According to Dubovik, the first four ships of the Goa deal will be launched in the first quarter of 2024. ). A Russian-registered subsidiary of the Islamic Republic of Iran Shipping Lines (IRISL), a state-owned Iranian shipping corporation, will be the first customer of the vessels (News9live, November 6). The contract stipulates that India will build chemical tankers, bulk carriers, and container ships, with the 24 vessels being delivered before 2027 (India Shipping News, October 31).

Cooperation with India in shipbuilding has its benefits for Russia. For example, the final unit cost per vessel within the contract is projected to be half of what it would cost Russian shipbuilders (The Maritime Executive, November 3). Additional savings will come from Goa Shipyard’s low interest rates, sitting at 2 or 3 percent as opposed to Russian State Transport Leasing Company’s current rate of 18.6 percent (Bol’shaia Aziia, October 25). Russian Foreign Minister Sergei Lavrov has stated that the vessels will be purchased with some of the $39 billion in rupees “stuck” in accounts in India as payments for imports from Russia (, October 26

New Delhi hopes that the shipbuilding deal with Russia will expand its status as a leader in global maritime trade. Last month, Indian Prime Minister Narendra Modi told attendees at the third Global Maritime India Summit in Mumbai that the country plans “to become one of the top five shipbuilding countries in the next decade. Our slogan is ‘Made in India—For the world.’” His administration plans to establish additional shipbuilding and maritime repair centers throughout the country (, October 25).

Putin intends to revitalize Russia’s shipbuilding industry, despite the increasing pressure from Western sanctions. On October 9, he signed a decree transferring the management of Russia’s largest shipbuilder, USC, to state-owned VTB Bank for five years (TASS, October 9). Sanctions have left USC struggling to source critical components to complete its backlog of orders, particularly the powertrain and technology systems previously sourced from the European Union. The combined pressures have resulted in a major loss of Russia’s shipbuilding capacity.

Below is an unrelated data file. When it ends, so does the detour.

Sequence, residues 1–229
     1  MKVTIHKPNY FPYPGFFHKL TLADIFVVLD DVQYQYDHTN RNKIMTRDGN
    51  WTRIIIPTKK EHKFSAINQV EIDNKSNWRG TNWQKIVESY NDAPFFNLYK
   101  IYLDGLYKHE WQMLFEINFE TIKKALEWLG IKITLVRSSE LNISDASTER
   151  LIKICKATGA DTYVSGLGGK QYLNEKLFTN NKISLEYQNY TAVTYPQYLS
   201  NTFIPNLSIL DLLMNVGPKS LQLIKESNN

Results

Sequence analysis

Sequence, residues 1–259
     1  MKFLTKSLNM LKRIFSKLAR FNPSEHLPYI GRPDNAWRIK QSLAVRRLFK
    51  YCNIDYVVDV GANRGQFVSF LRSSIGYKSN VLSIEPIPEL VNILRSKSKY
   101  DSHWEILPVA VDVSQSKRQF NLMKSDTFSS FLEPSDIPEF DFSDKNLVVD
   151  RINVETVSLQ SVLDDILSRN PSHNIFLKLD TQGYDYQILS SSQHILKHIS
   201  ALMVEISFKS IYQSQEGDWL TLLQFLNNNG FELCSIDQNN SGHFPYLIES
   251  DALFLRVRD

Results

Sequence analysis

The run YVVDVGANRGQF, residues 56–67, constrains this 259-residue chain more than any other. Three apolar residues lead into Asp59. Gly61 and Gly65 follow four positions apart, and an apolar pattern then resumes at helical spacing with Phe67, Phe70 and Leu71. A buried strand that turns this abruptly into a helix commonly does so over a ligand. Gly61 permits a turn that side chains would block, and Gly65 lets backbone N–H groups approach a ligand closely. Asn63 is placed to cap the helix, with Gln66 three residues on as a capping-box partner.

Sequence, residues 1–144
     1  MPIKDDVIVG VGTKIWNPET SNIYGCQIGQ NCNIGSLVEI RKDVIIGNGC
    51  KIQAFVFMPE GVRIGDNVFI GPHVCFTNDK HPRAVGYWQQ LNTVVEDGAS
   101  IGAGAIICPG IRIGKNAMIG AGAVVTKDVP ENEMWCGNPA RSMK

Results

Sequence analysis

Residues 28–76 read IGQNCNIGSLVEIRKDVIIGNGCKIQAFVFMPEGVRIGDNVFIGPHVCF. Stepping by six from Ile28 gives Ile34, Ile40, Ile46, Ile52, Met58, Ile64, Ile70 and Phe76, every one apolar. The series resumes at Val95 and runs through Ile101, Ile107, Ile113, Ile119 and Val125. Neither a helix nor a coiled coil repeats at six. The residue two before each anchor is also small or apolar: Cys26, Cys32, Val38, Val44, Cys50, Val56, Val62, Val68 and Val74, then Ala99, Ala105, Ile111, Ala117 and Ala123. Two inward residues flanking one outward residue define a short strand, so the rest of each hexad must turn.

Implementation of the Russian-Indian contract is not without its difficulties. While it appears to be a tidy interim solution for several problems facing the two countries, several obstacles remain. These include the shallow-draft Volga-Caspian Sea Navigation Canal needing continual dredging (see EDM, August 6, 2020; February 24) and the fact that IRISL is currently under sanctions from the United States, United Nations, and European Union. These and other uncertainties could complicate the planned vessels’ eventual transit to the Caspian.

Sanctions on Russia and Iran continue to pose risks for substantial investments in the INSTC. The route remains a patchwork of several independently run rail, road, and maritime projects without a single operator overseeing development. Given that the Caspian’s geography and the geopolitical tensions in the surrounding region, it seems likely that Russia’s new Indian-built Caspian merchant fleet may spend more time idle in port than transporting cargo.